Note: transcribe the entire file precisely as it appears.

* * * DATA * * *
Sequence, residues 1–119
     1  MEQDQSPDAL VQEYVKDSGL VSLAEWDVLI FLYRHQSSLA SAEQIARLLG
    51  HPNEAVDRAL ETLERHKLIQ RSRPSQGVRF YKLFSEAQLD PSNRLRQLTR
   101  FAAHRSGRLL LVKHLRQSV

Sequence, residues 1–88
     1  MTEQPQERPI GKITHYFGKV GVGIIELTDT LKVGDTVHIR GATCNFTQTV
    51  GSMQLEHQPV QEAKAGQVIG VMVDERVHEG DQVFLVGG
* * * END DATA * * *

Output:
Sequence, residues 1–119
     1  MEQDQSPDAL VQEYVKDSGL VSLAEWDVLI FLYRHQSSLA SAEQIARLLG
    51  HPNEAVDRAL ETLERHKLIQ RSRPSQGVRF YKLFSEAQLD PSNRLRQLTR
   101  FAAHRSGRLL LVKHLRQSV

Sequence, residues 1–88
     1  MTEQPQERPI GKITHYFGKV GVGIIELTDT LKVGDTVHIR GATCNFTQTV
    51  GSMQLEHQPV QEAKAGQVIG VMVDERVHEG DQVFLVGG